Friday, March 05, 2010

2010: the déjà vu budget


There were no signs of it in the Throne Speech, and none in the hundreds of pages of budget documentation yesterday. As one observer said during the lockup, "a lot of this is last year." 2010 is, after all, Year 2 of the Harper government's Economic Action Plan. "Same old, same old," says James Turk of the Canadian Association of University Teachers. "A stand-pat budget," says the YWCA's Ann Decter. "84 days to craft a budget that looks just like 2009," says Canadian Union of Public Employees President Paul Moist.

Indeed Budget 2010, it must be said, is hardly a strategic document. Moist finds in it no semblance of an industrial or job strategy. The $125 billion dollar deficit faced by our cities is nowhere addressed. Instead, much like last year, there is blind faith in the private sector to lead us into full economic recovery, considerable corporate and personal tax cuts to offset stimulus spending, and a starry-eyed projection that the current deficit will be eliminated by 2015.

The crowing over the past year's modest and fragile economic gains seems a little overdone. In the past year, 130,000 jobs have been "created or maintained" according to the government. That seems rather modest in the grand scheme of things. Certainly we are doing well among the G-7, but that's relative: we have some distance to travel yet. How does the government propose to assist us?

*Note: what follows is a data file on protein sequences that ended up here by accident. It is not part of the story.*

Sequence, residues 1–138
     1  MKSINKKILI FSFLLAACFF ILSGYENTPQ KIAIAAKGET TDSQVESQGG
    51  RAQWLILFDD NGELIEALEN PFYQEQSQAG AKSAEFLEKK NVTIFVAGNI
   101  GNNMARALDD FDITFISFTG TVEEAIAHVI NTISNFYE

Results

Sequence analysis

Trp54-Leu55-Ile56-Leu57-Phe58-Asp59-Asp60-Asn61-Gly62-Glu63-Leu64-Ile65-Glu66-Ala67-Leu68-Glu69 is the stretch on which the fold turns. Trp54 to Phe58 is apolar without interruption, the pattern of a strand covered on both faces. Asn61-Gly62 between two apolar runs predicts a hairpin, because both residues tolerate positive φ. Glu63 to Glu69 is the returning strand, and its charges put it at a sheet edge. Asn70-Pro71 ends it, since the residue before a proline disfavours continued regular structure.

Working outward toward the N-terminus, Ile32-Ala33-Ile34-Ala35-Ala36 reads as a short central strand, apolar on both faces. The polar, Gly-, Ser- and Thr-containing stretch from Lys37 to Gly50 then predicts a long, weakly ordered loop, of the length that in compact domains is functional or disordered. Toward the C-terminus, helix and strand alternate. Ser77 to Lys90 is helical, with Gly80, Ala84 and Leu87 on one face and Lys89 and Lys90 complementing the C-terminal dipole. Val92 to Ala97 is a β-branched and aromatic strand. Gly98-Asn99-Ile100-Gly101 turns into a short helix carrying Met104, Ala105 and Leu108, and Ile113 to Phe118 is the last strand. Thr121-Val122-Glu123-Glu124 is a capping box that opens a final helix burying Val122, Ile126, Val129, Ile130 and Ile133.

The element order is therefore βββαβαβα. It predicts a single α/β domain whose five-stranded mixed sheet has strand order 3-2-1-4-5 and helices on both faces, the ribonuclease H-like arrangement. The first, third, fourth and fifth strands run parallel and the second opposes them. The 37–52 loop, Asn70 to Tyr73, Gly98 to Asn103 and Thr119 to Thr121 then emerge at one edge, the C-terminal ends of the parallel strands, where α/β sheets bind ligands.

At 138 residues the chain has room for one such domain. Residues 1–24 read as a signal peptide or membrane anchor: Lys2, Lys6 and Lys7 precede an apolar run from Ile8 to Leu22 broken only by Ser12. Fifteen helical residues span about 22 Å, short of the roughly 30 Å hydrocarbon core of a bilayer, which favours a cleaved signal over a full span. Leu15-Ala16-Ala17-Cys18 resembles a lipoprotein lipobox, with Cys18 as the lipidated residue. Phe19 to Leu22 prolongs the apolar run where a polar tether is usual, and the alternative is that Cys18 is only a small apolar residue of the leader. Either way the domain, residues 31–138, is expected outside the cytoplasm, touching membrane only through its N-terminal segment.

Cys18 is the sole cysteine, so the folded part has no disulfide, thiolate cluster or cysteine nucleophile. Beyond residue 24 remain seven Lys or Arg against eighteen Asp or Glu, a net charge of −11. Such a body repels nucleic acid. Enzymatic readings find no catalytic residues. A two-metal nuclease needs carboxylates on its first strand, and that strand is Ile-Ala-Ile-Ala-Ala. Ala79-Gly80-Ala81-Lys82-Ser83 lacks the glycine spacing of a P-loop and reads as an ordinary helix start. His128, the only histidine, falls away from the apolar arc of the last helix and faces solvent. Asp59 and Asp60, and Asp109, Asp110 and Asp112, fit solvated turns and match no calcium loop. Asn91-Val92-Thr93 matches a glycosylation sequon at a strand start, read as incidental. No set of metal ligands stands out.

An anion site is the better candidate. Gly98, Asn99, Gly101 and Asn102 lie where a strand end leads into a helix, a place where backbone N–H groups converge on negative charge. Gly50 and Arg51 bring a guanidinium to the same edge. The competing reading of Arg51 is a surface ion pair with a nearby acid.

Apparently by sucking and blowing at the same time. We'll get the promised second year of stimulus--$19 billion worth--but cuts to corporate tax will continue until the rate reaches 15% by 2012--the lowest among the G-7 countries. And $3.2 billion of personal "tax relief" is coming this year as well. Indeed, the government boasts that it will reduce its tax take by $220 billion between fiscal years 2008-9 and 2012-13.

The approach taken
again this year includes a sprinkling of funds hither and yon, but there are often more optics than substance involved. Support for education and training, for example, surely a sine qua non in any healthy economy, is to a large extent smoke and mirrors.

An increased allocation of $32 million to the three federal research granting councils comes nowhere close to replacing the $147.9 million slashed from those same councils last year. In fact, as Turk points out, the new money doesn't even cover inflation. The $16 million allocated to the Canadian Institutes for Health Research represent a 2% increase, $13 million to the Natural Sciences and Engineering Research Council is a hike of 1.3% (and only $8 million of that is for actual research), and the piddling $3 million to be directed to the Social Sciences and Humanities Research Council is an increase of less than 1%.